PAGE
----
The fortified harbor town of Campeche is a fine example of Spanish colonial architecture. The old city is surrounded by walls and a system of fortifications which are deigned to defend against piracy and attacks from the sea. It was once the most important seaport in Mexico and played a major role in the conquest of the Yucanatan Peninsula and Guatemala from the Spanish conquistadors.

Drive for four hours to Calakmal Municipality.

Calakmul Biosphere Reserve

The Calakmul Biosphere Reserve was only granted UNESCO World Heritage status in 2006. It remains the largest forest reserve in Mexico comprising of over 700,000 hectares of protected land. This is not untouched forest. The Mayans were some of the first group to live in the forests with the ruins of city complexes abandoned in 900 A.D. The group consists of the largest populations of flora and fauna in the country and includes the jaguar, puma, white-lipped peccary, howler monkey, king vulture, gray brocket deer and ornate hawk to name but a few.

Drive for four hours to Reserva de la Biósfera Sian-Ka’an.

Reserva de la Biósfera Sian-Ka’an

Flickr: DaseinDesign

Flickr: DaseinDesign

Sian-Ka-an means ‘Origin of the Sky’ in the language of the Mayan people who once inhabited the region. Located on the eastern coast of the Yucantan peninsula, the reserve is made up of a series of tropical forests, mangroves, marshes and a barrier reef. Inhabiting the reserve is a remarkable number of flora and fauna including 300 species of birds.

Drive an hour up the coast to Tulum.

Tulum

Tulum

The Mayan ruins of Tulum is not a UNESCO World Heritage site, but it’s well worth taking some time to explore them on the drive up the coast to Cancun. The ruins are situated on 12-metre high cliffs overlooking the ocean and were one of the last cities to be built by the Maya. It managed to hold off conquest by the Spanish for around 70 years but Old World diseases brought by the settlers resulted in the city being abandoned.

Continue up the coast for two hours to Cancun. Drop off the car hire and fly back home.

Want to take this self-drive? Get in touch with our Mexico travel experts on +44 (0) 207 407 1478 to discuss your travel plans or see our example tours here.

10 prawn dishes you have to try on the Riviera Nayarit

The Riviera Nayarit lies along the western coast of Mexico. The beautiful region is known for its white sandy palm fringed beaches, laid back locals, luxurious hotels and most importantly, fresh seafood. It’s no surprise then that there are plenty of seafood dishes to try. If you love prawns, there’s simply no better place to eat. Here’s 10 prawn based dishes to try when you visit.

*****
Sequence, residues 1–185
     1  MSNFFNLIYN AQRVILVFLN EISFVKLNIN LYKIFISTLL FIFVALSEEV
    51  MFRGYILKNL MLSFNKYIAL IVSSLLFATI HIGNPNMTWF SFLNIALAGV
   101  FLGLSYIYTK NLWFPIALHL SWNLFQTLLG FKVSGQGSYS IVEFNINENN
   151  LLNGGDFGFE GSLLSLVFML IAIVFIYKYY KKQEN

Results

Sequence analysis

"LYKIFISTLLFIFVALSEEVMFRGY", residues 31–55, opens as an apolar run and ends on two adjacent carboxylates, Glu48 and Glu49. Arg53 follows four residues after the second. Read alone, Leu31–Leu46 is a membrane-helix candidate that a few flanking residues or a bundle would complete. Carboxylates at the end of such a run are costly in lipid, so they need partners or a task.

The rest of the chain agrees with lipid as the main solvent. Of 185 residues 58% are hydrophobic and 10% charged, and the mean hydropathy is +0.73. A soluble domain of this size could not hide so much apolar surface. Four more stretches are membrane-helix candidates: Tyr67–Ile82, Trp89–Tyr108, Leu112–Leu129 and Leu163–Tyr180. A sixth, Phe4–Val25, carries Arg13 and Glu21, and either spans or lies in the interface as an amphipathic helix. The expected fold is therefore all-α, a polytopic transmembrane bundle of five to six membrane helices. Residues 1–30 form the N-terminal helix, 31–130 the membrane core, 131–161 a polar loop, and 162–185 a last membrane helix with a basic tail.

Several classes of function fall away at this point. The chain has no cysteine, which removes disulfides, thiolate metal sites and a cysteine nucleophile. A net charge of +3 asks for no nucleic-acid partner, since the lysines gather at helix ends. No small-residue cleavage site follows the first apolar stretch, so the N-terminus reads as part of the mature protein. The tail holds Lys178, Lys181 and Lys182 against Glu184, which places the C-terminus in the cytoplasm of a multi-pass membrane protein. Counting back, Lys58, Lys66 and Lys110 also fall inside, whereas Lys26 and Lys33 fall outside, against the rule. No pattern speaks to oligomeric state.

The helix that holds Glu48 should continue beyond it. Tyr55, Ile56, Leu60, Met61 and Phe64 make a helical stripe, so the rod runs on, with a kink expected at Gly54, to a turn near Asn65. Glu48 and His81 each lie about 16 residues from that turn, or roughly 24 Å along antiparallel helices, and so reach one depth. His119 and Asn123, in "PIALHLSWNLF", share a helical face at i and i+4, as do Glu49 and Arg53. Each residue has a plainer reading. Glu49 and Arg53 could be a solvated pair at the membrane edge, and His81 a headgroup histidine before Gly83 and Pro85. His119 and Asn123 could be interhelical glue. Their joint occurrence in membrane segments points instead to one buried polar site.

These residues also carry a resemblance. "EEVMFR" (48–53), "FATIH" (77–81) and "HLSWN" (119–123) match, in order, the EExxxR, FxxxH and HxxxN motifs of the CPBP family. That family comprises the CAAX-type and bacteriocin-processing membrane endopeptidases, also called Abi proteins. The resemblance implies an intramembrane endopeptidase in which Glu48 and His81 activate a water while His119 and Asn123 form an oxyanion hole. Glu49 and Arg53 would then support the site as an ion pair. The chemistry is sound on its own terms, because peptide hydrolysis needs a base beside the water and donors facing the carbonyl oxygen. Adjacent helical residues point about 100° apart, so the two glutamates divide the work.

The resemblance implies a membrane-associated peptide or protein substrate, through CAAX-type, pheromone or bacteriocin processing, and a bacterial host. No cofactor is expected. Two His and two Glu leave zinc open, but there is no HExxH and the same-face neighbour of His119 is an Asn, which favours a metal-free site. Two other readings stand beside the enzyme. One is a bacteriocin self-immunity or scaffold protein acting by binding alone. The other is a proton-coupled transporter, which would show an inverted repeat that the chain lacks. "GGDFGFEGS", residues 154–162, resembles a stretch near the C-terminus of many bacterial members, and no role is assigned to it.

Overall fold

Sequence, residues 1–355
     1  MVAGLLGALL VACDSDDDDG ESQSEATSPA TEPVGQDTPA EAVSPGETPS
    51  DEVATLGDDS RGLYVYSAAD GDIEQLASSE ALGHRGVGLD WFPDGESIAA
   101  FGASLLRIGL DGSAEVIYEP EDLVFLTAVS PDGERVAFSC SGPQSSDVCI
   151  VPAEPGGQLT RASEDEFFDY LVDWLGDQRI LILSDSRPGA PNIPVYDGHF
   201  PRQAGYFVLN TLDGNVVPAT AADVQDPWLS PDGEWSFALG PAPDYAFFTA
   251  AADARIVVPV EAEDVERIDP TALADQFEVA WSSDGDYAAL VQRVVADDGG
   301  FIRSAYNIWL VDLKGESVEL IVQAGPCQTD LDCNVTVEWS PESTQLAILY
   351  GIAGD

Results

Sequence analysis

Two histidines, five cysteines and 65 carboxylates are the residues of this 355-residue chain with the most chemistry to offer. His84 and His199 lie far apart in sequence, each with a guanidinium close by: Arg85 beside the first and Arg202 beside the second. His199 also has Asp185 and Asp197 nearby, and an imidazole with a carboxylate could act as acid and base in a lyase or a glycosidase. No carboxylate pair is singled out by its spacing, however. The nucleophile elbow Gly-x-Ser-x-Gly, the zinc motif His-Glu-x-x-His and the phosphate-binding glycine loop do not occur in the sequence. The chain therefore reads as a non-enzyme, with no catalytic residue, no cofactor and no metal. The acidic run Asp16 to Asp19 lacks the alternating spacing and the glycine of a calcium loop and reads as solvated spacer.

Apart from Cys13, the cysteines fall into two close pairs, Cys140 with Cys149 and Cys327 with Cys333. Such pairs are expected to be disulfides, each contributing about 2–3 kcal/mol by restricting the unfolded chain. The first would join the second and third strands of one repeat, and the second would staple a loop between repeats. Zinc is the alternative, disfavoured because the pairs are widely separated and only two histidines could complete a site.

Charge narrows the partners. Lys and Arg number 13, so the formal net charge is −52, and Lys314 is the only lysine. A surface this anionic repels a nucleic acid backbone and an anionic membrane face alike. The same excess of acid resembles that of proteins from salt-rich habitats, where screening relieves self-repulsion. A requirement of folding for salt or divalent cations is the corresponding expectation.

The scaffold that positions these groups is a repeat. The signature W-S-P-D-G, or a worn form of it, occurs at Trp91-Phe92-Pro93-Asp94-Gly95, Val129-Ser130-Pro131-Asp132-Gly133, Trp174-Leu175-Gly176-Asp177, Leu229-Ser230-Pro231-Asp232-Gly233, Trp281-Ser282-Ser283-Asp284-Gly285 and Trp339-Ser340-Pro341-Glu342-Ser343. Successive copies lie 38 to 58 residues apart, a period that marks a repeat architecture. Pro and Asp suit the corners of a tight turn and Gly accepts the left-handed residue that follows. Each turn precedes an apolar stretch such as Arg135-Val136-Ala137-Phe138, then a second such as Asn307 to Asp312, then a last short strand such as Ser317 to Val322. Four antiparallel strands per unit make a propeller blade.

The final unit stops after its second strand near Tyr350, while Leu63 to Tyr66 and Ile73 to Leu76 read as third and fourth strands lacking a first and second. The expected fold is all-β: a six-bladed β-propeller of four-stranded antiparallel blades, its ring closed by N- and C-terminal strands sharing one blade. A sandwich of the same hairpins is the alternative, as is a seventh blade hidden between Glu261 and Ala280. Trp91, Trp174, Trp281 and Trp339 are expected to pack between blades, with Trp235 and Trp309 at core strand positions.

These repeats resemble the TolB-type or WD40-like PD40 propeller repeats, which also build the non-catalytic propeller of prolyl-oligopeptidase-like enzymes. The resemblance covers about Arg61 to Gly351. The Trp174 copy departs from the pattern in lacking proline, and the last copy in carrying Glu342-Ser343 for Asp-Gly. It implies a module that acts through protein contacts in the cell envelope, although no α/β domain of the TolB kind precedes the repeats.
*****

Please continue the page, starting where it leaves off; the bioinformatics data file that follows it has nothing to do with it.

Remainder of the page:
Tortitas de Camarón

Popular during Holy Week and Easter, this traditional dish of prawn patties cooked in a fresh spicy sauce made from chipotle chilies, tomatoes, garlic, onions and nopal cactus is delicious.

Empanadas de Camarón

Empanadas are popular throughout Latin America, the recipe and filling changing depending on the region visited. Similar to a Cornish pasty, these pockets of pastry are filled with prawns and cheese or a spicy casserole of prawns, tomatoes, onions and chili.

Camarones Zarandeados

This is a true Nayarit seafood classic. Prawns are cut in half and smoked using a secret recipe. It’s also common to find smoked octopus and other smoked fish.

Tamales de Camarón

Though tamales are sold on almost every street corner in Nayarit, head to the central coast of northern region of the state for the best.

Camarones a la Diabla

These deviled prawns are one of the simplest dishes, but pack a punch. Prawns are fried in butter and seasoning and then doused in ketchup and a spicy sauce. Perfect with a cold beer.

Coctel de Camarón

Most will have tried a prawn cocktail before, but in Nayarit its served spicy and hot. The prawn heads are ground down and added for extra flavor along with onions, tomatoes, cucumber and chilies.

Camarones a la Cucaracha

Though the name is unappealing (it translates to cockroach prawn), it’s got nothing to do with roaches! Prawns are coasted in seasoned flavor and fried until golden brown.

Ceviche de Camarón

A classic Latin American dish. Although this is not native to Nayarit, it’s one of the best places to try the dish. Raw prawns are marinated in lime juice, cucumber, onion, tomatoes and chili. Best served on a sunny afternoon near the beach.

Taxtihuil

This corn, prawn and chili stew is ancient. Originating from the Isla de Mexcanltitan, it’s been eaten in the region since pre-Hispanic times. It’s as popular now as it was then.

Aguachile

The origins of Aguachile is disputed between Nayarit and neighboring Sinaloa. A regional favourite, this recipe is created with lime, chili, garlic and seasoning which is poured over prawns, onions and cucumber.

If that’s not enough, we’ve got one more for you. We couldn’t create this list without mentioning tacos de camarón. There are plenty of varieties, but they all include tortillas heaped with prawns, mulata sauce, coriander, lime and habanero chilies.